Mel Brooks’ “Young Frankenstein” stands as one of the comic writer/director’s funniest creations. The 1974 film had more laughs and established more memorable moments than just about any film of the era.

All of that plus a bunch of new music went into Brooks’ adaptation of the film for the Broadway stage in 2007. Now, the Ogunquit Playhouse has opened a production of the classic horror film-based musical comedy in partnership with The Gateway Playhouse of Long Island.

With costumes and sets from the original Broadway show, Jeff Whiting’s direction and choreography recreates the original work of Susan Stroman. The Ogunquit “Frankenstein” lurches into life as a wild and crazy homage that tries hard to reanimate audiences who may be wilting in the summer heat.

The plot concerns Frederick Frankenstein’s attempt to carry on his ancestor’s work in building a living man out of spare body parts. In Transylvania in 1934, he is joined by a nutty bunch of characters, some descended from employees of his grandfather. Frederick’s creation does come to life but has a little trouble being accepted by the townsfolk. Through a series of hilarious adventures, the monster does finally find his niche, not to mention a fiance?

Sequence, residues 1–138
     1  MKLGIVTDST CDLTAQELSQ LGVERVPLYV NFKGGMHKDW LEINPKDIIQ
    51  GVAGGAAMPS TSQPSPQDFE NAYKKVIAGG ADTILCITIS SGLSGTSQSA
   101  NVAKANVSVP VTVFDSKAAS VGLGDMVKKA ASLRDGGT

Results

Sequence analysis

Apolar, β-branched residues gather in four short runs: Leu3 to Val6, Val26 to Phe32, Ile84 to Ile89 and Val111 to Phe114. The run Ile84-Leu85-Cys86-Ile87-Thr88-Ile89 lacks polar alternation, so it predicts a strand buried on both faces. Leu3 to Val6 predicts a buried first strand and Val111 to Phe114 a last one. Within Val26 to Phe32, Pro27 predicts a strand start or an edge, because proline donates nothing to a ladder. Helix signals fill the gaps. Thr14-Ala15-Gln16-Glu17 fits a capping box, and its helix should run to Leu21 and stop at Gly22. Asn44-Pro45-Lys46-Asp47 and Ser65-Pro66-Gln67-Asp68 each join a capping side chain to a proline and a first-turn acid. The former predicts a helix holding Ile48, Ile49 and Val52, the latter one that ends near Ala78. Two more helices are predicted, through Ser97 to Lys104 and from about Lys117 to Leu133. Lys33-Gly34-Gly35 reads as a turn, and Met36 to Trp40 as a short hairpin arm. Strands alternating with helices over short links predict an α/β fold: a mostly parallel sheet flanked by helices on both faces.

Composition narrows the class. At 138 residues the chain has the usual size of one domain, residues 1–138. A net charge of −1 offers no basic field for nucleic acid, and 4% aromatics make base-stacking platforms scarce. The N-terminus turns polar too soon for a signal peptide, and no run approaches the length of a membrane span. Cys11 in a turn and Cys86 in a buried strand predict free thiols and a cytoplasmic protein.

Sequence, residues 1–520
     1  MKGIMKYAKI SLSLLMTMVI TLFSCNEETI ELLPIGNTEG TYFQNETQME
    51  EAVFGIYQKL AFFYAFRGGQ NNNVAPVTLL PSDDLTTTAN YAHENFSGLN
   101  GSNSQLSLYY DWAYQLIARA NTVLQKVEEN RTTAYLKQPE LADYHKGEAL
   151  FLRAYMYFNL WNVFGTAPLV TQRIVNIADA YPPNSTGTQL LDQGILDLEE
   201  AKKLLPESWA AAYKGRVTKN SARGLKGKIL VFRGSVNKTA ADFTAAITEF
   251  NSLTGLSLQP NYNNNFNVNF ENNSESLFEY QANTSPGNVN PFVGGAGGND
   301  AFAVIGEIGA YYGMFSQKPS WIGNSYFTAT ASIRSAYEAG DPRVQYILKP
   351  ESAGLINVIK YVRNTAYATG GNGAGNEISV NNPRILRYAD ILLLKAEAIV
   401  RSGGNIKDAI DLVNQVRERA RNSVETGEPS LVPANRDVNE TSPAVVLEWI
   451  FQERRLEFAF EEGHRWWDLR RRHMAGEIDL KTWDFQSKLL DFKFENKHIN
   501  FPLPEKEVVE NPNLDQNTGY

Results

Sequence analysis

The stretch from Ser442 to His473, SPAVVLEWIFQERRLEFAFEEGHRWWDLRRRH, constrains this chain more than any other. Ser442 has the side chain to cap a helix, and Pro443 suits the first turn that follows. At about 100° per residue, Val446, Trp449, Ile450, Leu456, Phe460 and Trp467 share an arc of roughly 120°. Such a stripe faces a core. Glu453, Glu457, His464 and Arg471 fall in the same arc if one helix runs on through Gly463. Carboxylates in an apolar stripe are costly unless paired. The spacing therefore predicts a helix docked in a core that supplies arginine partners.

Running jokes keep the laughs coming amid low-tech laboratory scenes and over-the-top dance numbers. The stage smoke does come on a little strong at times but the special effects are generally good.

John Bolton takes the lead role of Dr. Frankenstein. Bolton revealed a fine singing voice at Sunday’s matinee and was able to employ it both for melodramatic and comic effect. On “Man About Town,” leading into the classic “Puttin’ On the Ritz,” in duet with the monster, he became the manic genius with the heart of gold.

His early romantic duet with his fiance?lizabeth, played by Lesley McKinnell, was hilarious. McKinnell was especially delicious as the don’t-touch doll. His later dalliances with his shapely (and limber) assistant Inga, played by Lara Seibert, were also very funny.

Nathan Klau plays the hunchbacked Igor with all the impish ?n one might expect from this classic character and Brad Nacht, as another kind of green monster, offered some funny takes in response to the “normal” people he encounters.

Sandy Rosenberg was a hoot (and a whinny) throughout as Frau Blucher but stood out particularly on her big number “He Was My Boyfriend.” And Tom Souhrada and Jerome Doerger were both good in important secondary roles.

“It’s alive!” and having a fun time in Ogunquit. 

Steve Feeney is a freelance writer who lives in Portland.